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Brian Gurrola on Artistic Inspiration

December 29, 2009
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Part of a series where we ask artists who inspires them, this post is by Brian Gurrola.


Inspiration comes from everywhere.

As an editor, photographer, graphic designer, director, animator, producer, writer, cinematographer, web designer, and whatever else that I do, there is never one source of inspiration.

Everything that I look at, touch, visit, smell, hear… it all inspires me to an extent. The placement of my morning waffles to my scrambled eggs to my glass of orange juice can give birth to a seamless way to bridge two scenes together in what would have otherwise been a rather awkward edit. It’s often as random as that. My mind tends to be very interconnected in a complex manner that I often can never decipher. But I don’t suppose an article about my pointless obscurities throughout my daily routine would leave you with any sort of usefulness, so I’ll stick with the bigger picture.

My primary concentration is film, particularly editing. So I must have a long list of well established editors as influences in my work? Not really. Much like the general public, I don’t know many editors. But there are a few filmmakers in particular that I often draw inspiration from.

Sofia Coppola

Powerful and touching films where every character is more than real. Raw, but sensible and intimate with her stories and characters. Fantastic visuals. No other director has a way of affectively mixing music of one genre with another, giving forth powerful emotions to help audiences connect with her characters, an attribute I take for most of my films.

Wes Anderson

Known for having a very distinct look and feel, spending a considerable amount of time in all aspects of production design. It doesn’t mean his scripts lack any sort of a good story, that’s far from it. He has a quirky and witty way of presenting his ideas, which gives his films a very unique look at the world and a great sense of humor. Occasionally I take from this. I’m often inspired by his unique art direction, both when directing as a graphic designer, even to how I frame my shots both as a DP and a photographer.

Alfonso Cuarón

A darker side of myself. Even when directing children’s films, he continues to stay true to his style. The darker direction to the Harry Potter films was brought upon with his interpretation of the third in series. There is a true to life rawness present in all his films. Hand held cameras and ridiculously long shots, a signature to his style, helps convey this rawness while bringing the audience closer to the action and into the story. When directing, camera operating, or even editing, I often prefer longer shots and really getting close with my actors. And like myself, he is one of a few directors who both direct and edit their own films.

Michel Gondry

Hand made films, literally. A purveyor of dreams, his common subject matter, in the way dreams are dreamt. His visual designs are often accomplished using found items and visual effects done in camera. A true abstract artist working in features, commercials, music videos, and shorts. As the director of my favorite film, Eternal Sunshine of the Spotless Mind, his use of avoiding computer generated imagery and effects and thinking outside of the box is a strong trait I implement in my own work.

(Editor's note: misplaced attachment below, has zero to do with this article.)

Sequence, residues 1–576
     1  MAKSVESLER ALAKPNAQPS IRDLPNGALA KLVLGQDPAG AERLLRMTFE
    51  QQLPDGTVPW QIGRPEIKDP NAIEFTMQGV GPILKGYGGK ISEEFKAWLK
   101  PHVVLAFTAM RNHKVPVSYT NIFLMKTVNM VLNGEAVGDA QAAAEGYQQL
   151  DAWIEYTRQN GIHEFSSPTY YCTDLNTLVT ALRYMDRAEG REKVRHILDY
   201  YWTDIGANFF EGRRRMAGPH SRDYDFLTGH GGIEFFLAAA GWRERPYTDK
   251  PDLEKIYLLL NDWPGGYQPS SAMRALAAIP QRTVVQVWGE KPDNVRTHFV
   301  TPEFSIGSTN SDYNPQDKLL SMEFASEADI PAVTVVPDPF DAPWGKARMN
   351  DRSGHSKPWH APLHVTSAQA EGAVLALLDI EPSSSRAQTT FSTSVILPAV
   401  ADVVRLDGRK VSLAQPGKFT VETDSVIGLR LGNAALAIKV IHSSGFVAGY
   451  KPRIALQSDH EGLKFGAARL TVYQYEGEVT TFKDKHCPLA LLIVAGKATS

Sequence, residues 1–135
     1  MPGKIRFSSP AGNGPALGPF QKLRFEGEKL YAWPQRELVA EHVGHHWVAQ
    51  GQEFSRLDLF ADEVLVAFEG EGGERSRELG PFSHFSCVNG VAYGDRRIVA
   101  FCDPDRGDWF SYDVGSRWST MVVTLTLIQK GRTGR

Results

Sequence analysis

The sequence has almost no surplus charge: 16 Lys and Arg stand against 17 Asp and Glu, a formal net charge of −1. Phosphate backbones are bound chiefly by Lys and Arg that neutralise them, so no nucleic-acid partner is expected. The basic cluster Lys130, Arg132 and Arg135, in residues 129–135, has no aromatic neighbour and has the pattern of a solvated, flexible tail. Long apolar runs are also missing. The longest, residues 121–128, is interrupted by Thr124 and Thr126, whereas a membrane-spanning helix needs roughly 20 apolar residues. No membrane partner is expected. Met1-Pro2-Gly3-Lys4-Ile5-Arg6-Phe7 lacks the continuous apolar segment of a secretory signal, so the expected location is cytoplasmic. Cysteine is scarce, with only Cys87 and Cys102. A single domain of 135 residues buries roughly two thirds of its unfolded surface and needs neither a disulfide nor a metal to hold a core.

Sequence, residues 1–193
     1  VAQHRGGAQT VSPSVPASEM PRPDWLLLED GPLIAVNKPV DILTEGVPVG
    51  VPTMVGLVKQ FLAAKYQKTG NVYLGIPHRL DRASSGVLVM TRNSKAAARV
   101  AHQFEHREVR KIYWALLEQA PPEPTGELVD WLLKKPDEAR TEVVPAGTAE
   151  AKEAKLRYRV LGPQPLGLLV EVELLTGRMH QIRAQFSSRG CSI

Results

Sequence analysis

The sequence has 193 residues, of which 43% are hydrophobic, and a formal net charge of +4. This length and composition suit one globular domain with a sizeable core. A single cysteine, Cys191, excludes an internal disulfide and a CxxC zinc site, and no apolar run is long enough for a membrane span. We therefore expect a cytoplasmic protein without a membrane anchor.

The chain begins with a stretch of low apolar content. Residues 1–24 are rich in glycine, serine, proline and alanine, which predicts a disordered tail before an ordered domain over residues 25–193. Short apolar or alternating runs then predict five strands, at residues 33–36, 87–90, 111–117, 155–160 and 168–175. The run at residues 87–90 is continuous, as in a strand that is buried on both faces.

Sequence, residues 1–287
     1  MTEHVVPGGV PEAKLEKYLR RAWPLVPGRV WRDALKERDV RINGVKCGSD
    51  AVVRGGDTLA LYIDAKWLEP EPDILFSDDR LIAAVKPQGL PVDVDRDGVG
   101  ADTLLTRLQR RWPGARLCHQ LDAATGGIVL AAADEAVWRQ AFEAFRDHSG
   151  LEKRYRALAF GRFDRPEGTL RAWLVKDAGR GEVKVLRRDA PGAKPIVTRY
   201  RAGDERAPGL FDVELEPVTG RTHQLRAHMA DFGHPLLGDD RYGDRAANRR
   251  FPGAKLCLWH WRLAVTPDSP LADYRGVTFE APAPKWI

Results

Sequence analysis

Spike Jonze

A highly imaginative individual with clever ideas and a great visual style. Works with a slew of talented artists, including writer Charlie Kaufman and an onslaught of astounding actors. When directing Where the Wild Things Are, he remained true to the source and his own vision while fighting studios executives who wanted the film to be more family friendly, “commercialized,” and less “art-house.” Watching him behind the scenes, he is a rare director with a big, fun heart and a fighting spirit, a personality that I strive for when working on projects with others.

Charlie Kaufman

The king of intricate scripts. He knows story. The most obscure ideas turn into beautifully executed intricate narratives focusing on the complexities of the human condition to unfold emotional and compelling stories that are true of heart. I often attempt to create a story of such complexity. Although I never reach the status of Kaufman’s work, it allows me to think of new creative ideas. He has a mind much like my own, but unlike myself, he can fit all the pieces together for everyone else to comprehend.

Beyond the filmmakers, every form of art inspires me to an extent. Architecture and interior design help me in determining three dimensional spaces in blocking, art direction, and editing. Music is a powerful tool for me when it comes to my edits and sense of rhythm. I listen to music during 78% of my waking day, occasionally when I sleep too. Paintings, graphic designs, sculpture, drawings, photographs, theatre… all sources I draw upon when working in any artistic medium.

But nothing has a greater influence than the people I love around me. There is a greater impact when I can have those who are close to me critique my work and I can give the same back. Those who are learning at the same level as I am to make mistakes with and feed off each other. And to be inspired by each other’s new and creative ideas. Friends who are there to give me support in what I love. A community who is always there for me.


You can find out more about Brian at briangurrola.com and his professional site theloker.com.

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One Comment leave one →
  1. Caron permalink
    December 29, 2009 3:41 pm

    Great Job! I love all of those directors/writers. It’s interesting how every one finds inspriation in a different way, and see’s something different when watching a movie or seeing breakfast on the table.

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